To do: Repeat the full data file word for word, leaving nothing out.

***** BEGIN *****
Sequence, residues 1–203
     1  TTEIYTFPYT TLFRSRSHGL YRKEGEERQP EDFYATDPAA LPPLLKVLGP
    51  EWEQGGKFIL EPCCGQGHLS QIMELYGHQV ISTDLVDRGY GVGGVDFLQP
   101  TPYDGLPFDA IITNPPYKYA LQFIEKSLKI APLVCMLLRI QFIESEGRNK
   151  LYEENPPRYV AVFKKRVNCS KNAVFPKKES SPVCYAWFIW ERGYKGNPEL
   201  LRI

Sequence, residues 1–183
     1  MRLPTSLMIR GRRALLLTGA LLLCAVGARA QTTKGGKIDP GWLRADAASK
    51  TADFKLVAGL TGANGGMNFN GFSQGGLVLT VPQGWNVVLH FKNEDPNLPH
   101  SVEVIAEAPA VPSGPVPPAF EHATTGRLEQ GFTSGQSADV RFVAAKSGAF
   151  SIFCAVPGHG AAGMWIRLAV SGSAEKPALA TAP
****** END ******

Sequence, residues 1–203
     1  TTEIYTFPYT TLFRSRSHGL YRKEGEERQP EDFYATDPAA LPPLLKVLGP
    51  EWEQGGKFIL EPCCGQGHLS QIMELYGHQV ISTDLVDRGY GVGGVDFLQP
   101  TPYDGLPFDA IITNPPYKYA LQFIEKSLKI APLVCMLLRI QFIESEGRNK
   151  LYEENPPRYV AVFKKRVNCS KNAVFPKKES SPVCYAWFIW ERGYKGNPEL
   201  LRI

Sequence, residues 1–183
     1  MRLPTSLMIR GRRALLLTGA LLLCAVGARA QTTKGGKIDP GWLRADAASK
    51  TADFKLVAGL TGANGGMNFN GFSQGGLVLT VPQGWNVVLH FKNEDPNLPH
   101  SVEVIAEAPA VPSGPVPPAF EHATTGRLEQ GFTSGQSADV RFVAAKSGAF
   151  SIFCAVPGHG AAGMWIRLAV SGSAEKPALA TAP